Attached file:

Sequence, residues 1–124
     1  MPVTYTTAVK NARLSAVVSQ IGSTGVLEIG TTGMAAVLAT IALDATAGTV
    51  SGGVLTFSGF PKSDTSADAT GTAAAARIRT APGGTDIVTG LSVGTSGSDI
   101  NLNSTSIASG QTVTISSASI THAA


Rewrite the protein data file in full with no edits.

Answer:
Sequence, residues 1–124
     1  MPVTYTTAVK NARLSAVVSQ IGSTGVLEIG TTGMAAVLAT IALDATAGTV
    51  SGGVLTFSGF PKSDTSADAT GTAAAARIRT APGGTDIVTG LSVGTSGSDI
   101  NLNSTSIASG QTVTISSASI THAA